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Olympus E-500 vs Sony RX1

The Olympus Evolt E-500 and the Sony Cyber-shot DSC-RX1 are two digital cameras that were revealed to the public, respectively, in September 2005 and September 2012. The E-500 is a DSLR, while the RX1 is a fixed lens compact. The cameras are based on a Four Thirds (E-500) and a full frame (RX1) sensor. The Olympus has a resolution of 8 megapixels, whereas the Sony provides 24 MP.

Below is an overview of the main specs of the two cameras as a starting point for the comparison.

Headline Specifications
Olympus E-500 versus Sony RX1
Olympus E-500 Sony RX1
Digital single lens reflex Fixed lens compact camera
Four Thirds lenses 35mm f/2.0
8 MP, Four Thirds Sensor 24 MP, Full Frame Sensor
no Video 1080/60p Video
ISO 100-400 (100 - 1,600) ISO 100-25,600 (50 - 102,400)
Optical viewfinder Viewfinder optional
2.5 LCD, 215k dots 3.0 LCD, 1229k dots
Fixed screen (not touch-sensitive) Fixed screen (not touch-sensitive)
2.5 shutter flaps per second 5 shutter flaps per second
750 shots per battery charge270 shots per battery charge
130 x 95 x 66 mm, 479 g 113 x 65 x 70 mm, 482 g

Going beyond this snapshot of core features and characteristics, what are the differences between the Olympus Evolt E-500 and the Sony Cyber-shot DSC-RX1? Which one should you buy? Read on to find out how these two cameras compare with respect to their body size, their imaging sensors, their shooting features, their input-output connections, and their reception by expert reviewers.

Body comparison

The physical size and weight of the Olympus E-500 and the Sony RX1 are illustrated in the side-by-side display below. The two cameras are presented according to their relative size. Three consecutive views from the front, the top, and the rear side are shown. All size dimensions are rounded to the nearest millimeter.

Size Olympus E-500 vs Sony RX1
Compare E-500 versus RX1 top
Comparison E-500 or RX1 rear

If the front view area (width x height) of the cameras is taken as an aggregate measure of their size, the Sony RX1 is considerably smaller (41 percent) than the Olympus E-500. In this context, it is worth noting that neither the E-500 nor the RX1 are weather-sealed.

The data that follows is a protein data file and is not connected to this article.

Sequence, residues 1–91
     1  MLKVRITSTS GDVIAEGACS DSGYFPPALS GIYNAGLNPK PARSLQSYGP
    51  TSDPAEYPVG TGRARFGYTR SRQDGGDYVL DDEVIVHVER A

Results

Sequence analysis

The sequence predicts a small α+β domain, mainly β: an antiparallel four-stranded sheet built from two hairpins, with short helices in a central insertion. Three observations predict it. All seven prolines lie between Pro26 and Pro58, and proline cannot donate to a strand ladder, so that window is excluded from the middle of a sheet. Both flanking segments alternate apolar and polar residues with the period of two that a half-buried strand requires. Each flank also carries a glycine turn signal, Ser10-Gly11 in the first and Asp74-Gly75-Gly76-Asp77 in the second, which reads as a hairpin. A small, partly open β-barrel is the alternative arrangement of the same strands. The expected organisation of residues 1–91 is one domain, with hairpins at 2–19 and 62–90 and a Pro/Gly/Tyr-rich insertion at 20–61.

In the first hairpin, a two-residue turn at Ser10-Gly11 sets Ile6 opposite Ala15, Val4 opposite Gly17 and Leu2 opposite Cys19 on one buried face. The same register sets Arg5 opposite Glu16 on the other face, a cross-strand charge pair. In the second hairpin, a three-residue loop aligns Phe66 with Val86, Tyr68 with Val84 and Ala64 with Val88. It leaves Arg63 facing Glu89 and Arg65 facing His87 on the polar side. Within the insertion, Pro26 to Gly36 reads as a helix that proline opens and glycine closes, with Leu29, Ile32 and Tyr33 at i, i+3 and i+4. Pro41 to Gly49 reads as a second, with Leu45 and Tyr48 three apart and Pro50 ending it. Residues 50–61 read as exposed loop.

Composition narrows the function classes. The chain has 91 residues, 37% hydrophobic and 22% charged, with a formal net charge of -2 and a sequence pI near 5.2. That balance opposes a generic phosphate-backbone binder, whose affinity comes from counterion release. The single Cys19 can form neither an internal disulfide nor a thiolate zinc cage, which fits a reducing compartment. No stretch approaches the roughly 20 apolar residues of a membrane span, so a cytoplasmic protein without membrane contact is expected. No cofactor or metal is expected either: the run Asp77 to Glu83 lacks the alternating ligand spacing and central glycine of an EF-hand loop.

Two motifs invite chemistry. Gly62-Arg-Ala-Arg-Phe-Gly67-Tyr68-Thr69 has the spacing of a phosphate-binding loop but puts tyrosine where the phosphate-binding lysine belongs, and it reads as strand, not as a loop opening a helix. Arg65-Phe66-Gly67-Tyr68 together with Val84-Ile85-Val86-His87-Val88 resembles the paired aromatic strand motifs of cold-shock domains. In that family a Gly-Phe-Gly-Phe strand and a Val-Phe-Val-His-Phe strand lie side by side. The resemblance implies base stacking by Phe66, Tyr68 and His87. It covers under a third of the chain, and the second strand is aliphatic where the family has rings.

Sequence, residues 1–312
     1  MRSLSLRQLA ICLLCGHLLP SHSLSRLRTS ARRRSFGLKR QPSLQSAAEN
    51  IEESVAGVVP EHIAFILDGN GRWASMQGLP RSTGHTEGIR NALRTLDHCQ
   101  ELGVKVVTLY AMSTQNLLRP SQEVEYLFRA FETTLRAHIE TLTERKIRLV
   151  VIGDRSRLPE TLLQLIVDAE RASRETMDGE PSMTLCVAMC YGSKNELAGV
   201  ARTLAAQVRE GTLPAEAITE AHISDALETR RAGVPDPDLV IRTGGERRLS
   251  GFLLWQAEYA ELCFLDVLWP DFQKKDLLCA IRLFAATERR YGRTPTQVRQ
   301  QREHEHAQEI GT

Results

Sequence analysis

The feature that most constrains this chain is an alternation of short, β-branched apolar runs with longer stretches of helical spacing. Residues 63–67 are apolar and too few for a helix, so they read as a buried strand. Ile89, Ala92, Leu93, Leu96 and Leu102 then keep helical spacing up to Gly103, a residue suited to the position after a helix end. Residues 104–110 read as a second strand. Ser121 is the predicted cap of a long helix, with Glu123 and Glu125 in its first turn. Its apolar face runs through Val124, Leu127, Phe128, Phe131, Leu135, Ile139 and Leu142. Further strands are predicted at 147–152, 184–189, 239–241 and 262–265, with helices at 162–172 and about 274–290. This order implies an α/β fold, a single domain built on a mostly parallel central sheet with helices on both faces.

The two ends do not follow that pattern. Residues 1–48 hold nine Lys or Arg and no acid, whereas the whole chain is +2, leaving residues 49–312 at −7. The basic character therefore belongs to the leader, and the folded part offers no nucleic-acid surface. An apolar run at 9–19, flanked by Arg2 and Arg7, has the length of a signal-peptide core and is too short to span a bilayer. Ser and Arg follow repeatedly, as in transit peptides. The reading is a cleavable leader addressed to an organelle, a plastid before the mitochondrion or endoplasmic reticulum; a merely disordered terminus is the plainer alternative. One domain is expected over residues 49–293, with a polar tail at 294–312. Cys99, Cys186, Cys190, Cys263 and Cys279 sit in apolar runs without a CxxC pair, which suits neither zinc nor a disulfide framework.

The above size and weight comparisons are to some extent incomplete and possibly misleading, as the RX1 has a lens built in, whereas the E-500 is an interchangeable lens camera that requires a separate lens. Attaching the latter will add extra weight and bulk to the setup. You can compare the optics available for the E-500 and their specifications in the Four Thirds Lens Catalog.

Concerning battery life, the E-500 gets 750 shots out of its BLM-1 battery, while the RX1 can take 270 images on a single charge of its NP-BX1 power pack. The power pack in the RX1 can be charged via the USB port, which can be very convenient when travelling.

The adjacent table lists the principal physical characteristics of the two cameras alongside a wider set of alternatives. In case you want to display and compare another camera duo, just click on the right or left arrow next to the camera that you would like to inspect. Alternatively, you can also use the CAM-parator to select your camera combination among a larger number of options.

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Body Specifications
  Camera
Model
Camera
Width
Camera
Height
Camera
Depth
Camera
Weight
Battery
Life 1
Weather
Sealing
Camera
Launch 2
Launch
Price (USD)
Street
Price
 
Olympus E-500 5.1 in 3.7 in 2.6 in 16.9 oz 750 n Sep 2005 599i
 
Sony RX1 4.4 in 2.6 in 2.8 in 17.0 oz 270 n Sep 2012 2,799i
 
Nikon D5300 4.9 in 3.9 in 3.0 in 16.9 oz 600 n Oct 2013 799i